A couple of months ago, we published a blog titled “What is the Right Amount to Pay a Fundraiser?”  It was much more successful than we would have imagined.  We immediately started to get requests for salary studies on other positions.  The most common request was that we do something similar for the head of marketing.

(If you did not read “What is the Right Amount to Pay a Fundraiser,” stop reading now and go read it first.  The rest of this post will make much more sense.)

Explaining how to price the head of marketing causes me a lot of consternation, but I ultimately agreed to answer it.  The source of my consternation is that, in the world of nonprofit, so many people use the word “marketing” wrong!  So, before we talk about how to determine what to pay a marketer, we need to get our terminology straight.

What does marketing mean and how do nonprofits get it wrong?

The source of the confusion is a fundamental lack of understanding in the nonprofit sector about what marketing is.  Oxford’s definition is that marketing is “the action or business of promoting and selling products or services, including market research and advertising.”  Investopedia has a much more detailed explanation of it which I will summarize as follows.

“Marketing as a discipline involves all the actions a company undertakes to draw in customers and maintain relationships with them.  At its most basic level, marketing seeks to match a company’s products and services to customers who want access to those products. Matching products to customers ultimately ensures profitability.”

I will add Dave’s corollary to this: because marketing is concerned with the sales of a good or service, marketing is therefore concerned with the production of revenue.

In the 1950s, Neil Borden popularized the idea of the marketing mix and the concept of “the Four Ps.”   Marketers are responsible for product, price, place, and promotion. The Four Ps collectively make up the essential mix a company needs to market a product or service.  Product refers to an item or items the business plans to offer to customers. Price refers to how much the company will sell the product for. Place refers to the distribution of the product.   Promotion includes a variety of activities such as advertising, selling, sales promotions, public relations, direct marketing, sponsorship, and guerrilla marketing.

Nonprofits make two mistakes when it comes to their marketing functions.

First, they take a small, non revenue-focused aspect of the job such as communications or social media and call it marketing.  Worse, many have anointed someone as the Chief Marketing Officer, yet they have no responsibility over revenue.  Sometimes, not even an interest in revenue.

Marketing is always concerned with revenue production.

The second mistake, if they do get that marketing is about revenue production, is that they limit it to sales revenue.  This is especially common in performing arts organizations, museums and other admission-selling organizations.  Let’s pick on performing arts.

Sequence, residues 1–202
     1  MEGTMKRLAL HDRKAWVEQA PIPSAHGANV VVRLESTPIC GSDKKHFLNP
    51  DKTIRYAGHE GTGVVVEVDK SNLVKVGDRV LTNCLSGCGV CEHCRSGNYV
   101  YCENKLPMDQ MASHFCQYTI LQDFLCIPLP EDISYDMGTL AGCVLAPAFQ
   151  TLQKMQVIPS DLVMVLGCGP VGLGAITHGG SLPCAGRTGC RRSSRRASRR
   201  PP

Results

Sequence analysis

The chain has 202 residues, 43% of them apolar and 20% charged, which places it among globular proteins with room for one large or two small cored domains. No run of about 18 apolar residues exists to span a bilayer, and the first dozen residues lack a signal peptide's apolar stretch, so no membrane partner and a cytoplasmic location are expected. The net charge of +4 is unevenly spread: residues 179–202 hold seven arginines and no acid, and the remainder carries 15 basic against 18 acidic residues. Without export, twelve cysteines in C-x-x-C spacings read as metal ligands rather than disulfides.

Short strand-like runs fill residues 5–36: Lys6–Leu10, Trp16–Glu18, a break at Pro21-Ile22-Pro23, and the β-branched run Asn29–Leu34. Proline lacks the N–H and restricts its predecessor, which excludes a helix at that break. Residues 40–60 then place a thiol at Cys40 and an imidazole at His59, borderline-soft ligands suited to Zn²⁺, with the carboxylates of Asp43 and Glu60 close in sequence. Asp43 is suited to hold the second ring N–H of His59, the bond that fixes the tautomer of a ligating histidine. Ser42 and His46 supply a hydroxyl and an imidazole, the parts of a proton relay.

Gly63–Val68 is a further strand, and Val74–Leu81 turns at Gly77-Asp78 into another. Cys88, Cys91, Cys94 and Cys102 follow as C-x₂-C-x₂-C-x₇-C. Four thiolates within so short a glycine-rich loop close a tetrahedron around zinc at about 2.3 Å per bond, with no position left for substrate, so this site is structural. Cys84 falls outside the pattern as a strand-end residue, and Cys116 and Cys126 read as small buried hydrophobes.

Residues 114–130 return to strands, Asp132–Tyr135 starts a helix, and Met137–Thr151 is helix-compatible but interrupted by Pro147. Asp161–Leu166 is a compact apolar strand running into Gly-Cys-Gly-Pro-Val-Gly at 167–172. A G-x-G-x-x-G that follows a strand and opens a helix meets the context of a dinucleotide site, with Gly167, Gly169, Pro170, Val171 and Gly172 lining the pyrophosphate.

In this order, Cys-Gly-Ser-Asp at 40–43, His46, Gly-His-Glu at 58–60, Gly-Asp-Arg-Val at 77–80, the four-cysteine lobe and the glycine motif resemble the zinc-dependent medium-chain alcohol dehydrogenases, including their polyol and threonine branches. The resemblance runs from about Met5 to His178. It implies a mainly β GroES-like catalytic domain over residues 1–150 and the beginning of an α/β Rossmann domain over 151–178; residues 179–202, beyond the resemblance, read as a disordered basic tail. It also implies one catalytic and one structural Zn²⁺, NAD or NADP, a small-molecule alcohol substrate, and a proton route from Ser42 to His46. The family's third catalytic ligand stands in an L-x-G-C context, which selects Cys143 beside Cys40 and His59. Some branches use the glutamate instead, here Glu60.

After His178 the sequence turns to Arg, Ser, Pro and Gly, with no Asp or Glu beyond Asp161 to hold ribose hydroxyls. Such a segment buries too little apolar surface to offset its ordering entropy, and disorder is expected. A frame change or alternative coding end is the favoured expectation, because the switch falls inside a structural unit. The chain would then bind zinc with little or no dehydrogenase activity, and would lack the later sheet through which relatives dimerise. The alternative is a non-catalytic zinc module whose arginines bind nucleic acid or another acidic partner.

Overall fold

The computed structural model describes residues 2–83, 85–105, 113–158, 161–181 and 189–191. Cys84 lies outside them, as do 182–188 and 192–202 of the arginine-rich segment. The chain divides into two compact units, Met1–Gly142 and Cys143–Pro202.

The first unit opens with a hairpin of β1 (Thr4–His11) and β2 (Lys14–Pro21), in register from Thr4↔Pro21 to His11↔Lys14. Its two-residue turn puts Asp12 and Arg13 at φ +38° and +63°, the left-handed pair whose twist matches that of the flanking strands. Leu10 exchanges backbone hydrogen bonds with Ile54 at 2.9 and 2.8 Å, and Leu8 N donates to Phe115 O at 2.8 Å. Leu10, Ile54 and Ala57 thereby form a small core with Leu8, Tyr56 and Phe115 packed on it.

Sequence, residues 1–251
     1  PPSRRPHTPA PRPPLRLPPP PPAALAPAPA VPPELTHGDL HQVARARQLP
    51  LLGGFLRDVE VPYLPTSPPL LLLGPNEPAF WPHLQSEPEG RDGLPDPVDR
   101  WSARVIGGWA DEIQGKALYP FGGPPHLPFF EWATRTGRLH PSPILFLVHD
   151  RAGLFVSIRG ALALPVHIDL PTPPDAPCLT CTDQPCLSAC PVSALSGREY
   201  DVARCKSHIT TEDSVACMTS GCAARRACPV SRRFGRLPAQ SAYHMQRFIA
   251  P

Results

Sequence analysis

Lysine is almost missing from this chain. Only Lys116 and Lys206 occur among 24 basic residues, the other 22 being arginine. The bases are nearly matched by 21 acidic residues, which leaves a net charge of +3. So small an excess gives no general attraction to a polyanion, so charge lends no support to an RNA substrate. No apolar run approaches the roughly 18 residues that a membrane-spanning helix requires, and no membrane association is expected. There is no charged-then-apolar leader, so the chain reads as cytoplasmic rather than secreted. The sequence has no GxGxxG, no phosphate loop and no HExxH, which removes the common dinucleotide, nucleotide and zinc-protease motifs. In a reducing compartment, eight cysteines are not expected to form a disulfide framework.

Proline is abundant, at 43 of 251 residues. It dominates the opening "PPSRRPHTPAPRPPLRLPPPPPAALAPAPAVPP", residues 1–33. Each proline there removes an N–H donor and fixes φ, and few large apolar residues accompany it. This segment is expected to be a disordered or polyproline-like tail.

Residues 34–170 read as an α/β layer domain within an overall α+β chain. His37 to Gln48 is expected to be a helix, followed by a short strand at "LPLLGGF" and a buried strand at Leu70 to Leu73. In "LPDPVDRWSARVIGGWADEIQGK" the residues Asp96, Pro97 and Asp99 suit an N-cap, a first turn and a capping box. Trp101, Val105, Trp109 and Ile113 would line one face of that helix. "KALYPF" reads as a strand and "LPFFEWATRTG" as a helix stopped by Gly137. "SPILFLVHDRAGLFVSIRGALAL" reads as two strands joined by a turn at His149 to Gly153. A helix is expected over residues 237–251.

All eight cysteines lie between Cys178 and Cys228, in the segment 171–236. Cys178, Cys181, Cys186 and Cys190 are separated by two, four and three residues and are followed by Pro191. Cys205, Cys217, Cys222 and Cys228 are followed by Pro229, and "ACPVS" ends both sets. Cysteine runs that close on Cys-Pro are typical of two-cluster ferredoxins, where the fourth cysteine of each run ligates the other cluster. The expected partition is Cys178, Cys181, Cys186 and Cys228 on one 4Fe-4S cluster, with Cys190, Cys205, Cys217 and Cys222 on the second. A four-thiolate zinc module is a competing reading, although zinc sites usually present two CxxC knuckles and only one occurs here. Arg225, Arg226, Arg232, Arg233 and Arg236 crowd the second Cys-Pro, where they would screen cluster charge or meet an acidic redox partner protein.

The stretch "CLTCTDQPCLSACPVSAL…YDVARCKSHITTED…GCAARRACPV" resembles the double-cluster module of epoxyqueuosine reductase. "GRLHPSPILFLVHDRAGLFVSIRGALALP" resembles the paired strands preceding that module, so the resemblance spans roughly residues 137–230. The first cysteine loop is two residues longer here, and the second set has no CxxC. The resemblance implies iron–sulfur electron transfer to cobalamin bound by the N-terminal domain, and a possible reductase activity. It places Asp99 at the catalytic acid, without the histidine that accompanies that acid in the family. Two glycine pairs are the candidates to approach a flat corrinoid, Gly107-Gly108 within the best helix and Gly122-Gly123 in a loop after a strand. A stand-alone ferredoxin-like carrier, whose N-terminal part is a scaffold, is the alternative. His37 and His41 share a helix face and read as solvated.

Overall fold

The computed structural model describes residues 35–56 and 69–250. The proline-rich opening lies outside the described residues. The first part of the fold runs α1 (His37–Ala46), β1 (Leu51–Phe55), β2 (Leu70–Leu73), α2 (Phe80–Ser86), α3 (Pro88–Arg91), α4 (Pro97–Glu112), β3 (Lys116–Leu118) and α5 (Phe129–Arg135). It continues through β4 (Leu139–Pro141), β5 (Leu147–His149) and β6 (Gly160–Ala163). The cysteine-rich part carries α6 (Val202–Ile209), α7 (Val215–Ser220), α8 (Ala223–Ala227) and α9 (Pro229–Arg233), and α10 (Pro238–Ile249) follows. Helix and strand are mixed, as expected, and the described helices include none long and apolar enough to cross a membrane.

I was once the chief marketing officer of a major American orchestra.  My colleagues in that field all believed that their job stopped at selling tickets.  So, they measured themselves on ticket buyers, repeat ticket buyers, ticket-buyer-to-subscriber conversions and subscription renewals.  A renewed subscriber was their ultimate measure of success.

On the other hand, I argue that they were only doing half the job.  My job as a Chief Marketer did not end with a subscription renewal.  Instead, it stopped when we had created a repeat donor.  We have a term in the for-profit world: brand advocate.  Brand advocates are customers who love your business and tell others.  Essentially, they promote the business for you, uncompensated. Their positive reviews about the company’s products or services help to promote the company to new customers. Marketing’s job is to create brand advocates.

In the world of nonprofit, we have it easier because we know who our brand advocates are.  They are donors.  They love the organization so much that they give us money for nothing in return.  So, the job of marketing in a nonprofit is ultimately to produce donors for the organization.

We now pause to address those I have just offended.

I know that there are colleagues out there who I have now offended.  I know people with the title “Director of Marketing” or “Chief Marketing Officer” who are exclusively social media managers, public relations managers, customer experience managers, etc.  I am not, in any way demeaning your jobs.  You are still important to the organization.  But marketing is a larger, and more strategic role, and must be concerned with revenue production.  

Nonprofit marketers generate revenue for the organization through making and implementing strategic decisions about product, price, placement and promotion with an eye towards creating donors (aka, brand advocates). 

The reason that distinction is important is because chief marketing officers in both for-profit and nonprofit need to be paid in alignment with the value of their jobs.  A job that produces revenue for any organization, especially nonprofits, tends to be more highly compensated because it is hard to do and not a lot of people do it well.  In my next installment, we will talk about how to determine marketer compensation.